Integrated Water Resource Management for Mega City: A Case Study of Dhaka City, Bangladesh - page 2

Fig01
Figure 1: Demand, supply and deficit of water in Dhaka City

 

Figure 1 shows the demand, supply and deficit trend for Dhaka City since 1963. The total water demand for Dhaka City was increased from 150 million liter (ML) in 1963 to 1760 ML in 2003. In 1963 the total deficit for water supply in Dhaka City was 30 ML, which substantially increased to 260 ML in 2003, while Figure 2 shows the present and future water demand scenario in Dhaka City.

Though the city is surrounded by four rivers: the Buriganga, Balu, Turag and Tongi Khal, only about 14.18% of supplied water, as showed in Figure 3, is obtained from these rivers. The water of the surrounding rivers and lakes has already exceeded the standard limits of many water quality parameters because of the discharge of huge amounts of untreated and municipal wastes. Treatment of this water has become so expensive that water supply agencies are almost entirely dependent on the ground water aquifer for their potential alternate source of supply. It is observed that the annual abstraction in the public sector has increased from 177 million cubic meters (MCM) in 1990, to 562 MCM in 2008. The number of private wells has increased from 130 in 1990 to 289 in 1999. This number significantly increased to 1179 in 2008. 

As an outcome, upper parts of the aquifer have become dewatered throughout the area, except for the northeast and southeast corner of the city.

Dhaka has a hot, wet and humid tropical climate. The city is within the monsoon climate zone, with an annual average temperature of 25°C. Nearly 80% of the annual average rainfall of 1,854 mm (73 in) occurs between May and September. The aquifer of this city is primarily recharged by direct rainfall, river water, and floods through direct infiltration and percolation. But due to unplanned urbanization, the recharge area of the city is decreasing significantly with time. It is observed that the water level is declining at the rate of about 2 to 3 m per year depending on the location. The vulnerable conditions of the aquifer may result in the drying of existing wells, land subsidence, and intrusion of contaminated water from adjacent polluted rivers. Covering the vertical recharge inlets with pavement materials or other construction materials causes water logging for even small duration heavy rainfall in most areas of Dhaka City. An inadequate storm water sewer infrastructure and improper maintenance of the storm sewer system further aggravate the scale of this problem.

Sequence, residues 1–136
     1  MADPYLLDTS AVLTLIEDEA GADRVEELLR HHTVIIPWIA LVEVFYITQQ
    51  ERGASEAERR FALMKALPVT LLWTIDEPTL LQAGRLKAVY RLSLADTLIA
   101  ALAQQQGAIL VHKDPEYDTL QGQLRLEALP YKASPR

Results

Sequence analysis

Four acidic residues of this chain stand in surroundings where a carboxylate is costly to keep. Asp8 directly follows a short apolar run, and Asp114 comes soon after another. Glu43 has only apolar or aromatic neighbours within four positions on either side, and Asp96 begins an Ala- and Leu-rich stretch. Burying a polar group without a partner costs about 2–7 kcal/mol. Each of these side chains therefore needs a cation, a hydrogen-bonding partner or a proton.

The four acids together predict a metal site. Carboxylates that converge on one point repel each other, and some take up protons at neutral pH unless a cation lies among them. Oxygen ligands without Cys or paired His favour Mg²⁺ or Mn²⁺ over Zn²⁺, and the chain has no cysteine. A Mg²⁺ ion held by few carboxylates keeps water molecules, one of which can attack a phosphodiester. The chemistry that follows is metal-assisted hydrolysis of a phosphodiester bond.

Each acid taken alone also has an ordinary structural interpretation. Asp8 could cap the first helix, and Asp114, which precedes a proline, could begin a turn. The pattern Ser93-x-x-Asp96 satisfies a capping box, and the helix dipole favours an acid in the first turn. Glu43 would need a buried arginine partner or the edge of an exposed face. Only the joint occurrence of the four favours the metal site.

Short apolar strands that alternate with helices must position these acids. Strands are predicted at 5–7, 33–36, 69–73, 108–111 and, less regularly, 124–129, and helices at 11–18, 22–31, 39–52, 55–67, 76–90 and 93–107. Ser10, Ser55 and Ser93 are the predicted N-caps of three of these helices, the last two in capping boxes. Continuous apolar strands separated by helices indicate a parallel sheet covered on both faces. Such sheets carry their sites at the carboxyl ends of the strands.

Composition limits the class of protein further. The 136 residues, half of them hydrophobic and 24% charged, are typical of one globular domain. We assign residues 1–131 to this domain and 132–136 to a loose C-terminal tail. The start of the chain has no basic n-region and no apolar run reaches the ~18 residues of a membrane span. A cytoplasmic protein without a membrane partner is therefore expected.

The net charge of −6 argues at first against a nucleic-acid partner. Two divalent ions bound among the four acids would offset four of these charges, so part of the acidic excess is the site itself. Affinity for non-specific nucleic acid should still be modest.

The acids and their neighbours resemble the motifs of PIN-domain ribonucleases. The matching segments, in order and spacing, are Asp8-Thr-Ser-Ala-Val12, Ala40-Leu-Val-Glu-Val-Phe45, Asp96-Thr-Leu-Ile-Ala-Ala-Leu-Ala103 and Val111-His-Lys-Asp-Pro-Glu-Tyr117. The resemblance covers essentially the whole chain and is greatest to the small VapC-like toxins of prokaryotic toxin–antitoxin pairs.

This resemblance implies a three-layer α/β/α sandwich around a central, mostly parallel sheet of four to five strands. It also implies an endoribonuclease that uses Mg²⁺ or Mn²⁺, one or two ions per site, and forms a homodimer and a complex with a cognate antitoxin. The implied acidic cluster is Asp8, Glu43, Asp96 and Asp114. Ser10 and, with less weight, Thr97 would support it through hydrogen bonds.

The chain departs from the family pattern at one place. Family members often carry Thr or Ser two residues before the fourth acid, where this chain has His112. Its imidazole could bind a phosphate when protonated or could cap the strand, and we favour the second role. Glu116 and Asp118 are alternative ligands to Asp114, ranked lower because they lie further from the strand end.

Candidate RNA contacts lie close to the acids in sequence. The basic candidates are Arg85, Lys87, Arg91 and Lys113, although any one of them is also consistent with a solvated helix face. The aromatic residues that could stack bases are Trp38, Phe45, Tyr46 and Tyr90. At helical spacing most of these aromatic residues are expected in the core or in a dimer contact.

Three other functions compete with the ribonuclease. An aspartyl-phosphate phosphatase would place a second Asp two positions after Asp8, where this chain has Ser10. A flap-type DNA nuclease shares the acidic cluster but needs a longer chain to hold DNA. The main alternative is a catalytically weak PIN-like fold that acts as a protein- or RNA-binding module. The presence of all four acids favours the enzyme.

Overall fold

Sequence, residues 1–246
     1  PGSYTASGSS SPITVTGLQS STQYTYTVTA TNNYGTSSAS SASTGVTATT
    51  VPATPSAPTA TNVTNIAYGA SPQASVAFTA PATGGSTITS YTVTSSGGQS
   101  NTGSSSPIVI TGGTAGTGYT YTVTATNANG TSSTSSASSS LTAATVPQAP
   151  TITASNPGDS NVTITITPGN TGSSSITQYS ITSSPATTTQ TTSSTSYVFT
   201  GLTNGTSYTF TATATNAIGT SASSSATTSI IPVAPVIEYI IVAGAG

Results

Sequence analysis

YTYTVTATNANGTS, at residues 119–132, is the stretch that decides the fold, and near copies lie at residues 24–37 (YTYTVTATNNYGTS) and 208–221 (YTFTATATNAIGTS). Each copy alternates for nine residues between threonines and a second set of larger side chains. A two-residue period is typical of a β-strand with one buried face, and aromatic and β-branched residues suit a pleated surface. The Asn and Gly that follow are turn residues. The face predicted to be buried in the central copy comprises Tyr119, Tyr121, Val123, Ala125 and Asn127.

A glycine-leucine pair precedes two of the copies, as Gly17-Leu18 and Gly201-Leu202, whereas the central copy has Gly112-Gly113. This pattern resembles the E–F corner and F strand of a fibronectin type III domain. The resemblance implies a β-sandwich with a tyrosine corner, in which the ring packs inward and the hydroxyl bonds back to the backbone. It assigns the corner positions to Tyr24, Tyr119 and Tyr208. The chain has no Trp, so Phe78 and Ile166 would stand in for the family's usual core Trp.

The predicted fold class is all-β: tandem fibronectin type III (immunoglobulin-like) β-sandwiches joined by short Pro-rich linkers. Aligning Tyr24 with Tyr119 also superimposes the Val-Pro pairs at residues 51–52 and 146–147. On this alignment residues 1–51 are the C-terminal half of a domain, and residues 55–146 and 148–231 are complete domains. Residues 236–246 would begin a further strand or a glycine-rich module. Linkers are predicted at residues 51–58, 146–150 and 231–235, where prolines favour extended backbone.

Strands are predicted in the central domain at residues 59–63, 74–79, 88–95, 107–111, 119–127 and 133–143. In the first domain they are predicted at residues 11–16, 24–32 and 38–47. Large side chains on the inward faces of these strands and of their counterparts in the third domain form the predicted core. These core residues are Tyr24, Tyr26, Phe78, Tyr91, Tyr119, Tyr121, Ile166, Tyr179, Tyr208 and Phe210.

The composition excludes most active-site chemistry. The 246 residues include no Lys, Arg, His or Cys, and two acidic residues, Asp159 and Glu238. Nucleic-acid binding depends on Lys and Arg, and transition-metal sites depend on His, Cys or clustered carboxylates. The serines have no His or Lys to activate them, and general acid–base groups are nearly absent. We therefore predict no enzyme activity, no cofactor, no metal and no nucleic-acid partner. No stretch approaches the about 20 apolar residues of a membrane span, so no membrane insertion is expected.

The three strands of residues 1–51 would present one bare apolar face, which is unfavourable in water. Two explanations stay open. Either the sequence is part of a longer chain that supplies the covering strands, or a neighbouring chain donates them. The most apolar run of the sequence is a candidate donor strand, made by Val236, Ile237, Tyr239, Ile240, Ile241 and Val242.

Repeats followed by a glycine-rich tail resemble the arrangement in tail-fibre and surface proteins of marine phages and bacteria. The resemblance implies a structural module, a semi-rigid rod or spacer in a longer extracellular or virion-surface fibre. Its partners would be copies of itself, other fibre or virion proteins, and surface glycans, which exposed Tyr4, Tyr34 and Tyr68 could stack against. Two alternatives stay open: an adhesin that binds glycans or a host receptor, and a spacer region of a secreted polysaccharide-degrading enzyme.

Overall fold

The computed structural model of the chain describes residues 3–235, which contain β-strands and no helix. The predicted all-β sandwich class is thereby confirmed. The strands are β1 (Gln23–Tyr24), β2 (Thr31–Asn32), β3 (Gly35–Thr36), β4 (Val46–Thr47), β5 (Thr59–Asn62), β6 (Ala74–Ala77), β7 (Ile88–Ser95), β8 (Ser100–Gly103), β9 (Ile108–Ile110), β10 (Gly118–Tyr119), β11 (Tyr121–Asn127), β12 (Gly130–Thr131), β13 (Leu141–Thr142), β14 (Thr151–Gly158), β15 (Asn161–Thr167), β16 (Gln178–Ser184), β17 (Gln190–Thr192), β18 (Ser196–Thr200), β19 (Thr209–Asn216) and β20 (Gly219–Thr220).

Fig02
Figure 2: Present and future water demand scenario in Dhaka City

 

Fig03
Figure 3: Source wise water production per day in Dhaka City